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Emmanuel Macron is the first French president to win re-election in two decades.
After a turbulent five years in office marked by violent protests and a succession of Covid lockdowns and curfews, Macron relied on an uncertain coalition of ardent supporters and reluctant “tactical” voters determined to keep Le Pen out of power.
The French President has seen off his far-right rival Marine Le Pen to secure five years more years at the helm of Europe’s second economy.
Across France, voters complained of being arm-twisted into choosing “the lesser of two evils”, while students took to occupying university campuses in protest at the choice of finalists.
Macron, 44, is the first president to secure re-election since Jacques Chirac 20 years ago.
His back-to-back wins are no small feat in a country that has recently developed a taste for kicking out the incumbent at the first opportunity.
Macron won by 58.55% to 41.45%, a greater margin than expected.
The French president faces the prospect of an even tougher second mandate, with little to no grace period and voters of all stripes likely to take to the streets over his plan to continue pro-business reforms and get the French to work more and longer.
Le Pen had spent the past five years trying to erase memories of her catastrophic first debate, which even she has admitted was a flop. She sought to project an image of competence and composure throughout the campaign, toning down her rhetoric and trademark belligerence in favour of a more “presidential” pitch.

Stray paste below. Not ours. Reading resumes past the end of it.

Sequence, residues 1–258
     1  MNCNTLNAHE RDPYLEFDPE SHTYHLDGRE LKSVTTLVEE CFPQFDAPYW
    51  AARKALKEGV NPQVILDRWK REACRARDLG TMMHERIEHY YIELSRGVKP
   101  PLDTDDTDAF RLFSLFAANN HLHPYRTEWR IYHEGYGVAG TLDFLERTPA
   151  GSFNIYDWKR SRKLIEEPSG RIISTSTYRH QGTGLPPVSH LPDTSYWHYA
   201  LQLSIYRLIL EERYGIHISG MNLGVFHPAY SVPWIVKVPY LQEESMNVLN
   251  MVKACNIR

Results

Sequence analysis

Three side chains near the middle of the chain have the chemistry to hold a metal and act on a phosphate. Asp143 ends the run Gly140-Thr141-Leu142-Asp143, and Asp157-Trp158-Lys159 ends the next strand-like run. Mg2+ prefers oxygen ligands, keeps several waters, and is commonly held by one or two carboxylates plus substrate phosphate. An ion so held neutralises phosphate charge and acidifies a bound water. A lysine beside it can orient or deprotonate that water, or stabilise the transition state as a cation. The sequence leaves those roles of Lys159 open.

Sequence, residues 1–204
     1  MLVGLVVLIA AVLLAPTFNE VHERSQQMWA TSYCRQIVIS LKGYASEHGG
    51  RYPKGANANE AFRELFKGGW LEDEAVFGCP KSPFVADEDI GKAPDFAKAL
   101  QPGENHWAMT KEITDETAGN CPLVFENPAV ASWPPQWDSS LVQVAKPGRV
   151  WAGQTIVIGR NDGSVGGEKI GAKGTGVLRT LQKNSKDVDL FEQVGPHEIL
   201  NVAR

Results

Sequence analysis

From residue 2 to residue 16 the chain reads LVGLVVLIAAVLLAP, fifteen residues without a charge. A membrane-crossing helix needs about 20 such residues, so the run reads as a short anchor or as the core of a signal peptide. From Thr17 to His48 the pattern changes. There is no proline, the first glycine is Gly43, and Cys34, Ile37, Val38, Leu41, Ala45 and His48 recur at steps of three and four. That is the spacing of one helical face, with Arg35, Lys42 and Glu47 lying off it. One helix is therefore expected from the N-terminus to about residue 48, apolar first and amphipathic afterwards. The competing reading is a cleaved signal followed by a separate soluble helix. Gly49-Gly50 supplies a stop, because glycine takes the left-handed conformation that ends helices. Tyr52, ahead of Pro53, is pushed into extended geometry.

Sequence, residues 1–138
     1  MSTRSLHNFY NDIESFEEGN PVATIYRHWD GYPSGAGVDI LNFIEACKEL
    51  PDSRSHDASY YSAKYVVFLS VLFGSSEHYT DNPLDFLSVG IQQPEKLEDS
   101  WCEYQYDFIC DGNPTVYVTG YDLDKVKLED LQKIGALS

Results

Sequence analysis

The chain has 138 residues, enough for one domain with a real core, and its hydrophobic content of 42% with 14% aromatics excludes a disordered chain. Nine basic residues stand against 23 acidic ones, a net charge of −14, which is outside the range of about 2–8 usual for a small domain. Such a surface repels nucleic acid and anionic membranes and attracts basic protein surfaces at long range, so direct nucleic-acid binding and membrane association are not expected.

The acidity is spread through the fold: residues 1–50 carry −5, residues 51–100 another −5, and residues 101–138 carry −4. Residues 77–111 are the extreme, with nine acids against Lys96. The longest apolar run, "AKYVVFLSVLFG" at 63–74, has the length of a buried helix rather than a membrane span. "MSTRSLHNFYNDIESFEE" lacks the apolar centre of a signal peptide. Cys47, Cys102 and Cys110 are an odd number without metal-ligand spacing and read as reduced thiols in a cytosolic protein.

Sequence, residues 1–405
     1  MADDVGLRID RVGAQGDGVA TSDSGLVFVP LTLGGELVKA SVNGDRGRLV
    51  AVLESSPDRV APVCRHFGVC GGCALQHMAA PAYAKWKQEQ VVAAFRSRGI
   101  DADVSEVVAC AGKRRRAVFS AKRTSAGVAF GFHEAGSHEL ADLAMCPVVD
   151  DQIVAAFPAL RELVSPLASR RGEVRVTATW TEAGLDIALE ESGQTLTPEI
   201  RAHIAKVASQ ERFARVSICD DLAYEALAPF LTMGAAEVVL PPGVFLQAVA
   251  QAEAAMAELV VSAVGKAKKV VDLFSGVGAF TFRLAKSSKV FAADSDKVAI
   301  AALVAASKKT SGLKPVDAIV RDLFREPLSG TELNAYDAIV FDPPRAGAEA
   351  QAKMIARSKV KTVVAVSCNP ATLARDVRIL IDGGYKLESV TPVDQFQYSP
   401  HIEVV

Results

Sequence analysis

But her attempt to dispel concerns about her fitness for the job was largely derailed as Macron zeroed in on her ties to Russia and her plans to ban Muslim women from wearing headscarves in public
Despite her loss, Marine Le Pen has moved several steps closer to the Élysée Palace. Not since World War II has the nationalist far right come this close to power in France.
Le Pen had sought to frame the election as a referendum on the incumbent. Anti-Macron demonstrators rallied in a number of cities, including Paris, Rennes, Toulouse and Nantes, refusing to accept the result.
The stakes were huge in Sunday’s election. Victory for Le Pen would have sent shockwaves around the European Union, which she vowed to radically reform once in power, remodelling it as an “alliance of nations”.
More than one in three voters did not vote for either candidate.
Turnout was just under 72%, the lowest in a presidential run-off since 1969, and more than three million people cast spoiled or blank votes. Dismal turnout suggests the message from voters was one of widespread rejection.
German Chancellor Olaf Scholz was first to congratulate him, singling out their mutual challenge in responding to Russia's war on Ukraine. US President Joe Biden also said he looked forward to "close co-operation" including supporting Ukraine.
Italian Premier Mario Draghi hailed Macron's victory as “splendid news for all of Europe” and a boost to the EU “being a protagonist in the greatest challenges of our times, starting with the war in Ukraine”. “Democracy wins, Europe wins,” added his Spanish counterpart Pedro Sanchez.
Emmanuel Macron’s victory caps a forgettable campaign upended by the war in Ukraine and hampered by a largely absent incumbent.
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